BY ETHAN LILLARD
FORT MADISON- Typically a coach that has a coaching record of 144-42 with a program is someone that would be kept around for as long as they wanted. That wasn’t the case with Central Lee High School and Tony Sargent.
After six seasons at the helm of the Hawks, Sargent’s contract wasn’t re-newed, making him a free agent. Having just lost their head coach a couple of months ago, Fort Madison jumped at the opportunity and made Sargent the new Head Coach of the Bloodhounds’ girls basketball program.
“I’ve had some good players over the years that have helped me achieve what I’ve achieved,” Sargent said. “It would be easy to say, ‘Oh, I’ve done this and this,’ but basically, my girls have always done it for me. It’s not like it’s been something I’ve done myself, I’ve had a lot of quality girls over the years.”
On top of his six seasons as the head coach at Central Lee, Sargent’s ties to Lee County date all the way back to his high school career.
Sargent graduated from Keokuk High School in 1973 and started his coaching career immediately after when he was 18 years old. Many may know Sargent from his stint with Cardinal Stritch from 1999-2001 when he helped coach his team to the state tournament.
But even before his coaching days at Stritch and Central Lee, and even before his high school career in Keokuk, Sargent was always around coaching. Sargent’s father, who taught for 52 years, was also a coach and started young, allowing him to grow up around athletics and develop a deep love for coaching.
“My dad coached, so I always grew up in a gym,” Sargent said.
He was even able to pass the father coaching lessons on to his own children when they were old enough to compete in athletics.
“I’ve been varsity and then back to kindergarten and back to varsity,” Sargent said. “I enjoy it.”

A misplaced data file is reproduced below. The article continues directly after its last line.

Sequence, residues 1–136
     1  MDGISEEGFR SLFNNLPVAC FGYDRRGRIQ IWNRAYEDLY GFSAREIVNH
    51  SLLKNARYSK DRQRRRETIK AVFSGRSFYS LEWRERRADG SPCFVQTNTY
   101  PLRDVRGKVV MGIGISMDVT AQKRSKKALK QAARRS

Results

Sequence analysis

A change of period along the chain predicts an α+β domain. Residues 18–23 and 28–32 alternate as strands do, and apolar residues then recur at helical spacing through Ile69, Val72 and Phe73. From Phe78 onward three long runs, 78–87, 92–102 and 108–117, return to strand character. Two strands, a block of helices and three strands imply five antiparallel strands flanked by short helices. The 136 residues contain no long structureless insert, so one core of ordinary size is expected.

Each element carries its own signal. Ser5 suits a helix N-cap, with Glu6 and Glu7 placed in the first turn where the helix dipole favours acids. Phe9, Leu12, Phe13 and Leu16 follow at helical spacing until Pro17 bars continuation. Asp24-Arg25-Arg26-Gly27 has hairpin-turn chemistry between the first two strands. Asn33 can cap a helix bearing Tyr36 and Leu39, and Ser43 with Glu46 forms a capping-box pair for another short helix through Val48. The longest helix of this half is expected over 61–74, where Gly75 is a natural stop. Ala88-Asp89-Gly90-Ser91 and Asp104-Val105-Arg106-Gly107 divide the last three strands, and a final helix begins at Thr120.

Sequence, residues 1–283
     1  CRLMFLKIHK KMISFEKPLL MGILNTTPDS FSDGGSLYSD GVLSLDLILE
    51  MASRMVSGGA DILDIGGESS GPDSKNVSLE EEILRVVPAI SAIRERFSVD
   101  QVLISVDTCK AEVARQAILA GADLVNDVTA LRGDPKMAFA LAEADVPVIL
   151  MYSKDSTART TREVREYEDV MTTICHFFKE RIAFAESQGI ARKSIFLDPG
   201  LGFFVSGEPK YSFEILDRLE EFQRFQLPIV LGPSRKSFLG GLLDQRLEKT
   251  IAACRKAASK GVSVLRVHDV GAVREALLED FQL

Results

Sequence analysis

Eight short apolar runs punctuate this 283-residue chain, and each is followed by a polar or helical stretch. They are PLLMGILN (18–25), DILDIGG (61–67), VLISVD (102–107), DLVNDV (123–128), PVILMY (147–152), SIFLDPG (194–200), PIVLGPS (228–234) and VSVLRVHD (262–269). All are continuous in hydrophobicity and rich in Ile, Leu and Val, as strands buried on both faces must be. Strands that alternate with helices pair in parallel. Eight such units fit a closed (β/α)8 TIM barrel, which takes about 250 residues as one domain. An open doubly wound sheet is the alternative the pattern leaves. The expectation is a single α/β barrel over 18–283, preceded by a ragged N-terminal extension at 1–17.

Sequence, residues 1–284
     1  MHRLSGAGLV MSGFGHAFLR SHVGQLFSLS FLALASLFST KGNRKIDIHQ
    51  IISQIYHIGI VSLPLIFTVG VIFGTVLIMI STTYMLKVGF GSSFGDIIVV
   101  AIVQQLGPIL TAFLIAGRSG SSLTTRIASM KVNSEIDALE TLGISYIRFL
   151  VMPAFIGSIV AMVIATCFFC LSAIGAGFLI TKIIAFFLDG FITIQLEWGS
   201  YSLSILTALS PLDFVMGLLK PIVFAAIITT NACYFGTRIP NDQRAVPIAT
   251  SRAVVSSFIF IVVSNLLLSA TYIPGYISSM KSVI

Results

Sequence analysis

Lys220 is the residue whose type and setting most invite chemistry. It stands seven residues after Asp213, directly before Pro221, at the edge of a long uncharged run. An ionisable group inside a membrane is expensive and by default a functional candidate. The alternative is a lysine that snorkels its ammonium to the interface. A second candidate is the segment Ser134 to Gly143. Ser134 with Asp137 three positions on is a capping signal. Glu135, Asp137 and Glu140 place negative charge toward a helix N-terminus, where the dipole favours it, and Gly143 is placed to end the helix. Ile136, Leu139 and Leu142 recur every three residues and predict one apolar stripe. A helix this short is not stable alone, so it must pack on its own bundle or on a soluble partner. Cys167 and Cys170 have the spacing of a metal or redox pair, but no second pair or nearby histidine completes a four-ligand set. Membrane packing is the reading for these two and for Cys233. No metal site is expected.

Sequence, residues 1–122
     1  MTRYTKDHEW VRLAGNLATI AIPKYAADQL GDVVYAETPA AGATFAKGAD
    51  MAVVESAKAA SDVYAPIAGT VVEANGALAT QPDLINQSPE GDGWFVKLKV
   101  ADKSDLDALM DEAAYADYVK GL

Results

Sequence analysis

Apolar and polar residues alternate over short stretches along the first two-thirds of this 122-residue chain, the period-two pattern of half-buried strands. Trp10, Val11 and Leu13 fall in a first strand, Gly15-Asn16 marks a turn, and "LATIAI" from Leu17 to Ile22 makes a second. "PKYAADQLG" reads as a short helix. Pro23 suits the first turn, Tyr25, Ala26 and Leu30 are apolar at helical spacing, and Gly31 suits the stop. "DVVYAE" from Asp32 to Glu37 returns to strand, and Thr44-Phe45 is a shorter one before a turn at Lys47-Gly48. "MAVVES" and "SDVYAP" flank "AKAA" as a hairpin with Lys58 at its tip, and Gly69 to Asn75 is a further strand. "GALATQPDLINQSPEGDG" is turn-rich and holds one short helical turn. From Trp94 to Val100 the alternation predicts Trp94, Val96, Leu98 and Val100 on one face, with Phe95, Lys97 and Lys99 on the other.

While his love for coaching was ultimately what drew him to the Fort Madison head coaching position, it was former Head Coach Todd McGhghy who enlisted the help of Sargent.
“Central Lee didn’t renew my contract,” Sargent said. “Coach (Todd) McGhghy reached out to me before he resigned and said, ‘Hey, why don’t you think about coming up and being my assistant?’”
Sargent was reluctant to the idea at first, but eventually came and helped McGhghy out with his varsity camp for a few days.
“They’ve only won three games the past two years, but when I was up there for camp they didn’t seem to be bad to me,” Sargent said. “I think Coach McGhghy has laid a foundation. Whoever took the job I think was going to be more successful than the last few years.”
While Sargent is excited for the opportunity and can’t wait to get started, he is still slightly in shock that he was able to accept the job, being a Keokuk graduate and all.
“Our nemesis was Fort Madison. Actually, I can’t believe I’m taking a job in Fort Madison,” he said with a chuckle.
“(I) Had a few other people call and ask if I wanted to be an assistant here or there. I was actually contemplating (going elsewhere), but it was a little bit further of a drive and I didn’t want to do that.”
Living on the outskirts of Keokuk, Central Lee has been a relatively easy commute. Making the drive easier was the fact Sargent’s son was starting to play varsity athletics and is showing potential. At the end of the day, he had to have a talk with his son and family to make sure they were also on board with the move.
“I’m going to have to miss some of his games, I don’t like that idea very well, but it’s part of being a coach,” Sargent said. “When I talked with him today I said, ‘Are you sure? Are you OK with this?’ And he said, ‘Dad, I’ve always looked at you as a coach, you’ve always been a coach, I support you. I had a lot of support from my family.”
Having been around the program during camp, Sargent has been filled in on the recent struggles of the girls basketball program. That doesn’t bother him. Actually, the long-time head coach is looking forward to a new challenge and helping build a program from the ground up.
“When you take a team over that’s been losing it’s not easy,” he said. “It takes a while for the girls to realize they can win and get more confidence in themselves and maybe get a desire for a little better work ethic. We’ll see.
“Basically, they’ve got most everybody back from last year’s squad. I don’t want to sit here and say we are going to do all this great stuff, but I’m very optimistic.”